Pastor James Hopkins preached this sermon on Christmas Eve 12/24/2021. The service was broadcast live on Facebook at 7:00pm, and is now available on the FLC youtube channel. To follow along from home, the bulletin is available as a PDF: ChristmasEve bulletin

The text for the sermon was the day’s gospel lesson. To read the Bible texts for the Nativity of Our Lord (Midnight), click here. 


And she brought forth her firstborn son,

and wrapped him in swaddling clothes, and laid him in a manger;

because there was no room for them in the inn.

It’s the easiest part of Christmas to understand: that Mary gave birth to Jesus.

He was conceived miraculously by the Holy Spirit, to be sure, but the rest of it happened for her as with other women.

Her legs swelled up, and her belly swelled up. She had food cravings. She was tired… She was pregnant. And then, she gave birth. Unto Mary was born, in the City of David, a Savior, which is Christ the Lord.

Up to this point, God had involved plenty of men and women throughout salvation history: Adam and Eve, Abraham and Sarah, Boaz and Ruth, and on and on through the ages.

Sinners though they were, God was pleased to work through them. But none of them gave birth to Jesus. That bare fact is what makes the message of the angel to the shepherds so spectacular.

And, lo, the angel of the Lord came upon them, and the glory of the Lord shone round about them: and they were sore afraid. And the angel said unto them, “Fear not: for, behold, I bring you good tidings of great joy, which shall be to all the people. For unto you is born this day in the city of David a Savior, which is Christ the Lord.”

The thing is that the shepherds were not in on any of this. They weren’t pious like the priests or rich like the magi. They had no place of honor in the world. They were dirty and smelly, kind of like the sheep they cared for. But it is they who heard the good tidings first.

“Unto you,” the angel said.

A Babe.

A Savior.

A Christ.

A Lord.

A King.

There in King David’s city.

Unto you.

And it came to pass, as the angels were gone away from them into heaven, the shepherds said one to another, “Let us now go even unto Bethlehem, and see this thing which is come to pass, which the Lord hath made known unto us.” And they came with haste, and found Mary, and Joseph, and the babe lying in a manger.

It was more than curiosity and it was more than surprise. And it would be centuries before it would become tradition or custom. They went to Bethlehem because Christ had been born unto them.

His mother would take care of the nursing and the diapers to be sure, but what if He needed something?

Even if He didn’t. Still… The angel could not have been more clear: Jesus was born unto them. And if He is their Savior, they ought also to go unto Him. Because they needed something. They needed this Child, born unto them.

By this time, I’m sure you’ve noticed something else about the angel’s proclamation. Though they heard them first, the good tidings of great joy are not only for the shepherds. They are, in fact, for all the people.

That means everybody, everywhere. Shepherds and Caesars, wise men and fools, politicians and heretics, every anchor and producer on your least favorite news channel; the drunks, the depraved, and all the people you can’t stand to be around… Unto them… and unto you is born this day in the City of David, a Savior, which is Christ the Lord. That’s how wide and broad and deep the love of Christ is.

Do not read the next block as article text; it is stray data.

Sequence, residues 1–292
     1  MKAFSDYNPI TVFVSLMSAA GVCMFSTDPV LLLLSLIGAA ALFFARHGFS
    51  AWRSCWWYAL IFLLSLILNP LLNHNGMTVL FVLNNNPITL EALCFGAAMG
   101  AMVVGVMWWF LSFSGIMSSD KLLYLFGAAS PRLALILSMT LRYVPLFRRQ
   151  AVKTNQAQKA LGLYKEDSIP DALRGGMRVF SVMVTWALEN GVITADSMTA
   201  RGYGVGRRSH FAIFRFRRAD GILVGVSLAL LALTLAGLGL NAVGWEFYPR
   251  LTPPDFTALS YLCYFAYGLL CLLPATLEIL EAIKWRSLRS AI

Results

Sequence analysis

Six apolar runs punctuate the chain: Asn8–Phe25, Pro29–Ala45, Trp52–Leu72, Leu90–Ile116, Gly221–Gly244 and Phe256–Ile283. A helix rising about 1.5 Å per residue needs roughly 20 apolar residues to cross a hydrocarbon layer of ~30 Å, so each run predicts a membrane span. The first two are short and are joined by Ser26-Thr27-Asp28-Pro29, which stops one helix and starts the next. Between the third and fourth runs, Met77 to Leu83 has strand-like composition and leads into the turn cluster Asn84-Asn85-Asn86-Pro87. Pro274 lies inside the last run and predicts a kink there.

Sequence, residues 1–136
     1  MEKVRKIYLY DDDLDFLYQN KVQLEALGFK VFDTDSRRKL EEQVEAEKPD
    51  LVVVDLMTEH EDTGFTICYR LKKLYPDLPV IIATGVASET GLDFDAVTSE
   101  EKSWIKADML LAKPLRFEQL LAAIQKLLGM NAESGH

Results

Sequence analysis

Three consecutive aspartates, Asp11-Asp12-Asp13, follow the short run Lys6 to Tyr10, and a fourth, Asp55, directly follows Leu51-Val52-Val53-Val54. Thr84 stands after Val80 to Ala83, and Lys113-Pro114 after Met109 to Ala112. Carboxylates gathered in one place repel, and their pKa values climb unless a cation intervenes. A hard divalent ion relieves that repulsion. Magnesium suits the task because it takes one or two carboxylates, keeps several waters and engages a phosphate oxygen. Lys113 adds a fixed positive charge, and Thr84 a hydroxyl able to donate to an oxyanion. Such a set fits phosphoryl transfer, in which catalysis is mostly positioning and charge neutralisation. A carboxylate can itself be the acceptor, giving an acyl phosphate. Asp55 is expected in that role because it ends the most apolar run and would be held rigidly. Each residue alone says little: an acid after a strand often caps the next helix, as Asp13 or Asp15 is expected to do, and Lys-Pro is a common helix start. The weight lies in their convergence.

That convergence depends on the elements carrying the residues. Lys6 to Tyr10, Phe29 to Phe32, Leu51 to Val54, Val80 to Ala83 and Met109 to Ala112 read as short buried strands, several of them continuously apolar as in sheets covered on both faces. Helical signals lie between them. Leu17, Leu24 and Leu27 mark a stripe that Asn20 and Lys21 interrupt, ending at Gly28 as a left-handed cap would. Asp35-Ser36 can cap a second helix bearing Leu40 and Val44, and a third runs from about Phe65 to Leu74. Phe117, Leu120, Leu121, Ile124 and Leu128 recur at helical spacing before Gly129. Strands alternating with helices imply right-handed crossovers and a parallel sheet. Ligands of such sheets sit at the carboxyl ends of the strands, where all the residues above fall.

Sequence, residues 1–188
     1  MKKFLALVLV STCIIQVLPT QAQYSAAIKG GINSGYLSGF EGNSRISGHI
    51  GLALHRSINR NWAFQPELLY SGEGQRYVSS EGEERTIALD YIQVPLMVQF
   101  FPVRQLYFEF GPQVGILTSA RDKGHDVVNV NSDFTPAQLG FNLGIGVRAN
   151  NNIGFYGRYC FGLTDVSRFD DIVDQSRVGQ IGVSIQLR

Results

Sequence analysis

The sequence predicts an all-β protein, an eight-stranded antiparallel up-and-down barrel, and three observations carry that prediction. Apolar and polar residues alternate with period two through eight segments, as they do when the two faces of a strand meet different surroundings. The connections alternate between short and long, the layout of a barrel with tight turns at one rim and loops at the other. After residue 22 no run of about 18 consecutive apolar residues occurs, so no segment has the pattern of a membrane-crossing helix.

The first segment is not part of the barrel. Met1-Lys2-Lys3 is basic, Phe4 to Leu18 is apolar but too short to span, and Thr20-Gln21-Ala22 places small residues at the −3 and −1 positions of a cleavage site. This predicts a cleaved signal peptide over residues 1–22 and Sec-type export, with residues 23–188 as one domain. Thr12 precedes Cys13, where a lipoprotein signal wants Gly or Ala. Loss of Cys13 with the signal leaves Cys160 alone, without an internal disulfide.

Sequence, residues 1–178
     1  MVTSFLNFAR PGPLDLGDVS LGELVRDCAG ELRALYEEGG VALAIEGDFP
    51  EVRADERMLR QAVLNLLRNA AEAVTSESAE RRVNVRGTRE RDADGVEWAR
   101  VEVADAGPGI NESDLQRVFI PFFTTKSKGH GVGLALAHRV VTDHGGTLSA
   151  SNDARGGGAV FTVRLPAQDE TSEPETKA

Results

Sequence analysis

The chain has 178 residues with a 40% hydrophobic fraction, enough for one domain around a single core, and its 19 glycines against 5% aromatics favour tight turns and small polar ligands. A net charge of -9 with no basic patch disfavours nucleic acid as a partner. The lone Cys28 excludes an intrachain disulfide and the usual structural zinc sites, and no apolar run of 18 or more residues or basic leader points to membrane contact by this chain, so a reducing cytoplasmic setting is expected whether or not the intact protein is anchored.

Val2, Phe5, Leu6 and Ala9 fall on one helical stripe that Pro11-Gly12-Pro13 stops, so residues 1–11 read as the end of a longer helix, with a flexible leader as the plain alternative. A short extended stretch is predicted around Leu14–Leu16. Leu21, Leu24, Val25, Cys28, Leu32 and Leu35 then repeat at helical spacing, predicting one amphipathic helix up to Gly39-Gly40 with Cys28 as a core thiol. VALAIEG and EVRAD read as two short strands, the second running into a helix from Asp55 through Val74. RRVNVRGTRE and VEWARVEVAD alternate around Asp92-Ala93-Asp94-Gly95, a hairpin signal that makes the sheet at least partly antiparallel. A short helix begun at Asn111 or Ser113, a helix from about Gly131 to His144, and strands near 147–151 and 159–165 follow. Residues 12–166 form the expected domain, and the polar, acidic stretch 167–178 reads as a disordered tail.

But there is something else looming beyond the question of who Jesus came to save. It is the question: “What happens now?”

If you have had other children born unto you, then you know, they bring great joy, but also fear.

When Lucia, our firstborn, arrived, I was rejoicing, to be sure, but like those shepherds, I was sore afraid.

What do I do? What will this child need? What if I mess it all up?

What happens now with you? How can you tend to this Child, when you are tending to… yourself and your family, Caesar and taxes, fear and uncertainty, anxiety and shame, cancer, COVID, cancellation, and everything else you’ve brought here tonight.

How will you tend to this Child, whom the shepherds find wrapped in swaddling cloths?

It’s the same answer as with any baby. Just give him what He wants.

Give Him your sins.

Give Him your shame.

Give Him your fear.

Give Him your frustration.

Give Him your life.

Give Him your death.

Do not gift-wrap them in excuses or explanations. This is what the Baby wants. And this is why He came: to be your Savior.

It is He who has come to tend you. He has come to live as you live; to make right what we have made wrong; to get dirty and smelly like those shepherds who first came to see Him.

Perhaps, like the Shepherds, you got the good tidings and the great joy early. Maybe you are like the Magi and have come from far off. But you are somewhere inside that phrase “all the people.”

From the manger onward He lived for you. And at His cross, He died for you. He has traded his swaddling clothes and wrapped Himself in your sins. And He has left them all behind Him in the grave.

As all parents realize when a child is born unto them, everything is different now. Your life and your death, your hope and your joy, your peace and your righteousness, have all been made manifest.

Unto you is given this night, in the City of Boston a Savior, which is Christ the Lord. And you shall find Him wrapped in bread and wine, lying on the altar.

Glory to God in the highest, and on earth, peace, good will toward men.


First Lutheran Church Sermon Archive

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